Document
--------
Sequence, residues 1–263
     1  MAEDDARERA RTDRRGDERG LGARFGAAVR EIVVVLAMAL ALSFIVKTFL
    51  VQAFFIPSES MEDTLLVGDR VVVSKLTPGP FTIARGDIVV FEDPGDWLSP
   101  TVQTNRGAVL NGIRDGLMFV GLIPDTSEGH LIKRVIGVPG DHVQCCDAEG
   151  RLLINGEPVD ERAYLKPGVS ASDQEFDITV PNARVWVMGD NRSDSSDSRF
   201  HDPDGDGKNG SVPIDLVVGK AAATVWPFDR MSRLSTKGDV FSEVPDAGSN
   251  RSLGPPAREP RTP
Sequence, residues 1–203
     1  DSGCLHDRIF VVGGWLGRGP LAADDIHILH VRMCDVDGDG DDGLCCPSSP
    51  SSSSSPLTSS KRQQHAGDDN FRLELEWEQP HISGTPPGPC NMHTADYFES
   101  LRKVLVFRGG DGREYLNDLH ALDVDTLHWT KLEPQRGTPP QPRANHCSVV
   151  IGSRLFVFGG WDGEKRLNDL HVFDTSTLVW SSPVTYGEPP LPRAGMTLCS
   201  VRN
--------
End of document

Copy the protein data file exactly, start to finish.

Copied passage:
Sequence, residues 1–263
     1  MAEDDARERA RTDRRGDERG LGARFGAAVR EIVVVLAMAL ALSFIVKTFL
    51  VQAFFIPSES MEDTLLVGDR VVVSKLTPGP FTIARGDIVV FEDPGDWLSP
   101  TVQTNRGAVL NGIRDGLMFV GLIPDTSEGH LIKRVIGVPG DHVQCCDAEG
   151  RLLINGEPVD ERAYLKPGVS ASDQEFDITV PNARVWVMGD NRSDSSDSRF
   201  HDPDGDGKNG SVPIDLVVGK AAATVWPFDR MSRLSTKGDV FSEVPDAGSN
   251  RSLGPPAREP RTP
Sequence, residues 1–203
     1  DSGCLHDRIF VVGGWLGRGP LAADDIHILH VRMCDVDGDG DDGLCCPSSP
    51  SSSSSPLTSS KRQQHAGDDN FRLELEWEQP HISGTPPGPC NMHTADYFES
   101  LRKVLVFRGG DGREYLNDLH ALDVDTLHWT KLEPQRGTPP QPRANHCSVV
   151  IGSRLFVFGG WDGEKRLNDL HVFDTSTLVW SSPVTYGEPP LPRAGMTLCS
   201  VRN